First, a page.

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Re: Massive Subpoenas For Bitcoin People
« Reply #270 on: August 13, 2013, 08:32:43 PM »
Now, you *could* pull something else out from there, but when the generally accepted code is BTC, nah... it's a slight.

@Ren - I think you're reading way too much into it. ;)

XE.com has been using XBT for Bitcoin for some time now:

In case anybody doesn't know who XE is:
Quote
XE was founded in Canada in 1993, providing computer consulting and Internet services for corporate clients. Through our consulting services we quickly identified the need for interactive financial services on the web, so we set out to demonstrate how interactive financial services could be. As a result, in 1995, on our XE.COM™ website, we launched a service called the XE Currency Converter ® - creating one of the web's very first dynamic sites.

XE became increasingly popular, and by 1997, it was clear that we were running the Internet's dominant currency tool. We switched our business focus to currency services and began enhancing our proprietary rate system and website. We further developed our advanced rate infrastructure to factor in multiple sources and automatically detect errors. This lets us generate a highly reliable data feed that is much more accurate than any individual feed. By the new millennium we had become a bona fide currency portal. Today, more than one thousand clients, many of them major corporations, license our Data Feed Service currency rates for commercial purposes.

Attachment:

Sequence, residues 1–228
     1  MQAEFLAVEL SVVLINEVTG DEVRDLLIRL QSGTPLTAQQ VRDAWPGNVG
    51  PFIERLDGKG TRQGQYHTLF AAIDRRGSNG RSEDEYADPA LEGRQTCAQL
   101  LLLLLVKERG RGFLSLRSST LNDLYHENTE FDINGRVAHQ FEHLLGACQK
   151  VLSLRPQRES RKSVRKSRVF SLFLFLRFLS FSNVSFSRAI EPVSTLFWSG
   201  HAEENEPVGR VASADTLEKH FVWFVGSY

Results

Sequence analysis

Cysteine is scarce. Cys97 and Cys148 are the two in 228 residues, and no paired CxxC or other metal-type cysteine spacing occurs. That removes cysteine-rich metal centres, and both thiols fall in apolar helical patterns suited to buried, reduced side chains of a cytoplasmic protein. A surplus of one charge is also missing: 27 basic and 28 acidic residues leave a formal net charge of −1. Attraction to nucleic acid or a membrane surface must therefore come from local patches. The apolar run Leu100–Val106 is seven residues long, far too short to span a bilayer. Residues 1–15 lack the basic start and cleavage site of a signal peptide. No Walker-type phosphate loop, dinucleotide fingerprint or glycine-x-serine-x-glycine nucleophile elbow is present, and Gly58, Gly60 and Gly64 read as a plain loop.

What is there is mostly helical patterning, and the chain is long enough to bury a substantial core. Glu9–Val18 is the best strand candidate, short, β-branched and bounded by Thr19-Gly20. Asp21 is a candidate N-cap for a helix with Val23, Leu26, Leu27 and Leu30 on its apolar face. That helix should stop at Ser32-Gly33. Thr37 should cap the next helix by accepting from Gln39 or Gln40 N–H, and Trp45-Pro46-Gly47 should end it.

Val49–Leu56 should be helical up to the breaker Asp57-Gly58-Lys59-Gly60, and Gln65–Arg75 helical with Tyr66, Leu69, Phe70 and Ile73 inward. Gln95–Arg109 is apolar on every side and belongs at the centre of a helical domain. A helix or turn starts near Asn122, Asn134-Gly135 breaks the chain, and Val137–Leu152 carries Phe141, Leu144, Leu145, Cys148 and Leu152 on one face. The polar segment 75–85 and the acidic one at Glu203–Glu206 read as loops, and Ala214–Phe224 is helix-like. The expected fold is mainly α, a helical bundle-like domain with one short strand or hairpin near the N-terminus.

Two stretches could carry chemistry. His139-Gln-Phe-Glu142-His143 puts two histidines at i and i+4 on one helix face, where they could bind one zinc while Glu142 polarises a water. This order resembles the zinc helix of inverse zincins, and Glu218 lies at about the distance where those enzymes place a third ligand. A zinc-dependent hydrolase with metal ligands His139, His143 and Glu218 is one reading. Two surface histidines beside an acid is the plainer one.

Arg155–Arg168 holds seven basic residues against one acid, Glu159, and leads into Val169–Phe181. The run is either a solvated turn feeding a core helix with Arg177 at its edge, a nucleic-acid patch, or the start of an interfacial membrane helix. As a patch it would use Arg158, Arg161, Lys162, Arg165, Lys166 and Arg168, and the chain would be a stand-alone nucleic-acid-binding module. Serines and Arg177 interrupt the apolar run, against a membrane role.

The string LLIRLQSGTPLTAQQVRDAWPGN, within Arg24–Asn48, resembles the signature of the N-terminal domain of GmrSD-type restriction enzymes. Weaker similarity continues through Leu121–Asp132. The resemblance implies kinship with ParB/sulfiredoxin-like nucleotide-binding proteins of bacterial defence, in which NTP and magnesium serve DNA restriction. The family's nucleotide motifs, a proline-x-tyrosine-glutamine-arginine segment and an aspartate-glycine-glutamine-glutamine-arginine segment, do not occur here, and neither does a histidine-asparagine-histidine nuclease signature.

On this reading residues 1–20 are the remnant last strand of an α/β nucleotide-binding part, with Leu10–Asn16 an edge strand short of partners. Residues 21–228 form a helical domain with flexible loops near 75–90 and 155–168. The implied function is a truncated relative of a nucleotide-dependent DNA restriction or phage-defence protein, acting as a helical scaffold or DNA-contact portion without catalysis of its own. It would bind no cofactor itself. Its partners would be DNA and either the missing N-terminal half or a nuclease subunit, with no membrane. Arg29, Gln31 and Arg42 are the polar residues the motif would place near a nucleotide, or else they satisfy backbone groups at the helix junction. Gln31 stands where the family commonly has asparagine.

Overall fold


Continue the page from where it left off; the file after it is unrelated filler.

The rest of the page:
Quote
Bitcoin Currency Code
Bitcoin is not recognized by the ISO and therefore does not have an official ISO 4217 code. A currency code is generally built from the two-digit ISO 3316 country code and a third letter for the currency. Although "BTC" is often used in the Bitcoin community, BT is the country code of Bhutan. An X-code reflects currencies that are used internationally and so, XE has chosen to use XBT to represent Bitcoin.

Bloomberg just used what XE has been using. Wise move since XE is where many corporate currency rate watchers go for info.


40hz

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Re: Icelandic Company Selling Bitcoin ATM
« Reply #271 on: August 13, 2013, 08:37:31 PM »
Yep, once you get that big red x on your back, they want to make sure that you continue to fail until an act of self preservation puts you back in prison.

Bingo! This. :Thmbsup:

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Re: Bitcoins Can Be Regulated
« Reply #272 on: August 13, 2013, 08:41:15 PM »
i've merged several recent bitcoin threads as i think they were starting to clutter up the living room.
i think we would be better off keeping all bitcoin discussion on one or two threads.

Renegade

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Re: Does anyone here use Bitcoins?
« Reply #273 on: August 13, 2013, 08:54:24 PM »
@Ren - I think you're reading way too much into it. ;)

Sure, that's very possible. I'm overly cynical sometimes.
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40hz

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Re: Does anyone here use Bitcoins?
« Reply #274 on: August 13, 2013, 09:04:19 PM »
@Ren - I think you're reading way too much into it. ;)

Sure, that's very possible. I'm overly cynical sometimes.

Yeah, but you wouldn't be Renegade if you weren't!  ;D

Don't change. :Thmbsup: